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Category Archive for 'France'

In this big, entertaining can’t-put-it-downer set in Corsica, best-selling French author Michel Bussi tells the story surrounding a terrible car accident which claimed the lives of three people in 1989 – the mother, father, and adored older brother of fifteen-year-old Clotilde Idrissi. Though she was injured, Clotilde survived the accident when the car her father was driving careened off a cliff, but she was so traumatized in the accident’s aftermath that she has never set foot on Corsica since then. Now, twenty-seven years have passed, and Clotilde has finally returned to the island from France with her husband Franck and her teenage daughter Valentine (Valou), hoping to resolve her residual fears and her questions about the accident. The exotic setting on Corsica, one of the eighteen regions of France, adds to the excitement, revealing a society more like that of Sicily and or Sardinia than to Paris, its people honoring family traditions and histories that go back many generations. Many exciting mysteries unfold in this novel which is great fun but could have been condensed a bit. see full review.

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“Dawn breaks over the horizon. It moves across the sea, soaring over the empty beach….It reaches the top of the hill and lingers there, gray and hazy for a moment, before suddenly plunging down the far side. It sweeps over houses, streets, trees, and flowers asleep on balconies. Down in the valleys it seems to dance, lightly, discreetly. It seeps into the forest and spills across the lake where no one ventures now since Adele drowned there four years, five months, and thirteen days ago.”—from the opening paragraph. In approximately six hundred words in the first two pages of this novel, author Nathacha Appanah provides the entire conclusion of the novel, telling of three additional personal disasters, taking the chance that the reader will become more interested in the circumstances which caused these disasters for her characters than in the ultimate results. It is a big chance. It does, however, give the author the opportunity to develop the characters – and interest in them – in what might otherwise appear to be a melodrama. The drama here is powerful and moving in its effects, as the reader cannot help but revisit the action to see if, or how, the details of the conclusion could have been avoided. Nathacha Appanah writes with passion and concern for her characters, and she develops that same concern in the reader as the characters meet their fates.

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In this third novel in the new Achille Lefebvre series, set in the waning days of nineteenth century France, author Gary Inbinder ties up some loose ends from the two previous novels in the series – opening with the execution of Laurent Moreau, who had committed two murders and had conspired in a bomb plot that would have killed or maimed dozens. Half a page later, the execution is over and the Chief of the Paris Detective Police is relaxing in his office, his final act as chief, over. He has been joined by young Achille Lefebvre, the man who will be his replacement. A family man who does not believe that capital punishment has a deterrent effect on crime and constitutes instead “little more than an act of revenge,” Lefebvre has heard the rumors that some of Moreau’s cronies have sworn revenge on him. The atmosphere of this period is promoted through Lefebvre’s meetings at famous places – the ancient royal chapel of Sainte Chapelle; Le Chabanais, “The most famous and fashionable brothel in Paris; the studio of Toulouse Lautrec; an attempt at flight near the Eiffel Tower; and the riverside where Det. Javert had his final confrontation with Jean Valjean. Though the novel is not without some structural difficulties, lovers of the period will find plenty here to keep them involved and entertained.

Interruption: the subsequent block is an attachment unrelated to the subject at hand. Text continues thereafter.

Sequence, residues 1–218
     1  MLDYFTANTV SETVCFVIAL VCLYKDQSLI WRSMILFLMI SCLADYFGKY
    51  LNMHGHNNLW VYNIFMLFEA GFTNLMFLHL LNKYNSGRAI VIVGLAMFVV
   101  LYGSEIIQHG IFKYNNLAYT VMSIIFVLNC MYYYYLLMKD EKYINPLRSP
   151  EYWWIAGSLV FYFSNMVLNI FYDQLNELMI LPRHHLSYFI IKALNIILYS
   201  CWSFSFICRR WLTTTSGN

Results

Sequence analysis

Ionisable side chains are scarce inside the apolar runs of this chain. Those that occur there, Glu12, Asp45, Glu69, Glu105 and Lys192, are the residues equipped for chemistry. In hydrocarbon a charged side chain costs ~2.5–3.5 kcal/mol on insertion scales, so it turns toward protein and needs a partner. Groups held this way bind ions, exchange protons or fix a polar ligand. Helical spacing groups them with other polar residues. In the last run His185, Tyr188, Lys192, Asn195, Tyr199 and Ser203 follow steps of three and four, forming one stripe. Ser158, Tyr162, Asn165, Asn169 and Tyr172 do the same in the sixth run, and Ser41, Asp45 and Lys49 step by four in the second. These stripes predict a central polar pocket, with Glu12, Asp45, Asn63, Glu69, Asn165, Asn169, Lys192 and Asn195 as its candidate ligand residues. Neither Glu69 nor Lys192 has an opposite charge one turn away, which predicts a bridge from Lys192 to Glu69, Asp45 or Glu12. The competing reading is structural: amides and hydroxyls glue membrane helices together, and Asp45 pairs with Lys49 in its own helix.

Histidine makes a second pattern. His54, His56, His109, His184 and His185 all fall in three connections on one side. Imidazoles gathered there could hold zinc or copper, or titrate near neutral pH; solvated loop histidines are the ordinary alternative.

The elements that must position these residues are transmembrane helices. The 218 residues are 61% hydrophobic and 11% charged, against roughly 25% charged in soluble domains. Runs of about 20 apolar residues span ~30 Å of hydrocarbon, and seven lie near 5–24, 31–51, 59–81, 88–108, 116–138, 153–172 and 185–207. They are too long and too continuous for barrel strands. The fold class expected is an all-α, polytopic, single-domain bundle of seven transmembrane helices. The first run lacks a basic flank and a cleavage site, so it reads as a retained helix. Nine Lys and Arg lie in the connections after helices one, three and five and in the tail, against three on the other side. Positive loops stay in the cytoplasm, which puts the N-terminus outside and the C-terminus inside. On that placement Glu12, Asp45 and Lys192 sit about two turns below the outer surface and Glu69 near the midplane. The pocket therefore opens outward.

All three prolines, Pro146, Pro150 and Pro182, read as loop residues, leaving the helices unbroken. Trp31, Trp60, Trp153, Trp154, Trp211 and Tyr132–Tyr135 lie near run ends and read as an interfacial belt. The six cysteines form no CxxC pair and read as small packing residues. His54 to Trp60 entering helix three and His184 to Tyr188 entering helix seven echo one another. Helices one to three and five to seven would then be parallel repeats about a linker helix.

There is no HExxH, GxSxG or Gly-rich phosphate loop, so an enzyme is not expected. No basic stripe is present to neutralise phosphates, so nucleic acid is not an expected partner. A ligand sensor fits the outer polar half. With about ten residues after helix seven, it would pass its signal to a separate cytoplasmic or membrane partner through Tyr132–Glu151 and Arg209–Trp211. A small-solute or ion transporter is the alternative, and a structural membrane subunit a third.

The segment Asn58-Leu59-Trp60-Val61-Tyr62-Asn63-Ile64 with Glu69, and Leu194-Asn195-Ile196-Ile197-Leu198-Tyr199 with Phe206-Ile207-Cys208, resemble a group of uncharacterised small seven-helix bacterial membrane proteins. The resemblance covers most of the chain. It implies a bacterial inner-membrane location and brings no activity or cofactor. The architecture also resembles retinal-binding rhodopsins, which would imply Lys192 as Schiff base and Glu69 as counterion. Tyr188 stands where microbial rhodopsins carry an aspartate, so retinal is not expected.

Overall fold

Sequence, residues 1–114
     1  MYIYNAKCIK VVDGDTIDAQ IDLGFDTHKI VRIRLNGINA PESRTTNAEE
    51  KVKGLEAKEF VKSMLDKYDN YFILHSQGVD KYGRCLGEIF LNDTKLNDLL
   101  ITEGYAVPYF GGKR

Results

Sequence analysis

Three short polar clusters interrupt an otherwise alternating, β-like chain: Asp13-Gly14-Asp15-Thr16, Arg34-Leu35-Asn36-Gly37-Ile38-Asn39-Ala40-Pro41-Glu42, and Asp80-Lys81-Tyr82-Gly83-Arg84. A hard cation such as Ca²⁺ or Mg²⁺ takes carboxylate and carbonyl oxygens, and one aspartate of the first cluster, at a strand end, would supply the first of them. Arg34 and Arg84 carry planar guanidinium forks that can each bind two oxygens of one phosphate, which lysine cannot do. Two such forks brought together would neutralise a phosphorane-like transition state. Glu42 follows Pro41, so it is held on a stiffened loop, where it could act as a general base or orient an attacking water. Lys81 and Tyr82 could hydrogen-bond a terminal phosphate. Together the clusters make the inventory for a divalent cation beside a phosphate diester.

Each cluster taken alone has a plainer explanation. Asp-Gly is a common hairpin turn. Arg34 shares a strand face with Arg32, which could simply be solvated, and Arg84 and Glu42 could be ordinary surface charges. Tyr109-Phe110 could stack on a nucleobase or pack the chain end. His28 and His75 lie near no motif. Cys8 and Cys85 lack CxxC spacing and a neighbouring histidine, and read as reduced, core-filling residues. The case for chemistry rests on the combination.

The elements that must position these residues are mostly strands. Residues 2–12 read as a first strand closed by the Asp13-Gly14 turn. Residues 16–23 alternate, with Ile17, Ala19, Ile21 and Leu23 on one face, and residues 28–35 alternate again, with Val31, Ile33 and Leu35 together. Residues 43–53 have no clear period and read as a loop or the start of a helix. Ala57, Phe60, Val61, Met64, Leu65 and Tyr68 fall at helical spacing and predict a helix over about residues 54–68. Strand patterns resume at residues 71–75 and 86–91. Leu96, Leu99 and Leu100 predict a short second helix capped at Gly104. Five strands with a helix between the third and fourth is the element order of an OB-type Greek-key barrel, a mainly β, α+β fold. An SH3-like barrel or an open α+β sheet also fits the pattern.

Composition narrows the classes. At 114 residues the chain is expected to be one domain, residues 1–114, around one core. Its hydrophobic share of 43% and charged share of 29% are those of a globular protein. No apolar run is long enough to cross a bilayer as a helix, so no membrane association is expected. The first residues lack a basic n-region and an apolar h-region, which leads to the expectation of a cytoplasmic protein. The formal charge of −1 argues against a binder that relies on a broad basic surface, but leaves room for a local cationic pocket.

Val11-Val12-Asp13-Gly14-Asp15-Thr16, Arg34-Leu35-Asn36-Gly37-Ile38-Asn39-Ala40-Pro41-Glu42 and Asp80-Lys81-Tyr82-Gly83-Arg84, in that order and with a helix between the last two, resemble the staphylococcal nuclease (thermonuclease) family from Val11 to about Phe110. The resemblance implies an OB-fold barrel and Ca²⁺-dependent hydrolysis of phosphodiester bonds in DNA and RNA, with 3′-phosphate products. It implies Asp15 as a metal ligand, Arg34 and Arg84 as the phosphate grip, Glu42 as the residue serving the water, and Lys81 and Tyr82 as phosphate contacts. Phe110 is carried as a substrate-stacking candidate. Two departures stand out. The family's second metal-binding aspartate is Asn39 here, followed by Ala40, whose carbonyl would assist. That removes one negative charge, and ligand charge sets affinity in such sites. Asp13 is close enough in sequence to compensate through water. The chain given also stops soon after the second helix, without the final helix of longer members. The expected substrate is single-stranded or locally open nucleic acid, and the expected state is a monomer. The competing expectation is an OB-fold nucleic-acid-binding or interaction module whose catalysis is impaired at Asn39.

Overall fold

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On March 24, 1946, fifty-four-year-old world chess champion Alexandre Alekhine was found dead in his hotel room at the famed Hotel do Parque in Estoril, Portugal. He had been living there alone for two months during the off-season, first awaiting news of a worthy opponent and then awaiting the details regarding a future match. As Italian author Paolo Maurensig develops this story, Alekhine’s life in several different countries under several different governments begins to unfold, and the suspicious circumstances in which his body was found lead to the inescapable conclusion that this death may not have been an accident. Alekhine was fully dressed and wearing a heavy coat as he sat in his overheated room, apparently eating a meal, though he had attended a full dinner in his honor that same night. The journalist who reported on his death in the Portuguese press, Artur Portela, did so in the face of strong censorship and the influence of the secret police of long-time ruler Antonio de Oliveira Salazar, which promptly ended the investigation, making no comment at all. The investigation by Portela, the journalist, provides author Maurensig with details of the case which he develops. Enjoyable as a picture of the times, whether or not you are a chess aficionado.

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“July is the fireworks season. A whole world, on the brink of extinction, was sending up one last flurry of sparks beneath the foliage and the paper lanterns. People jostled each other, they spoke in loud voices, laughed, pinched each other nervously. You could hear glasses breaking, car doors slamming. The exodus was beginning…Smoke rises […]

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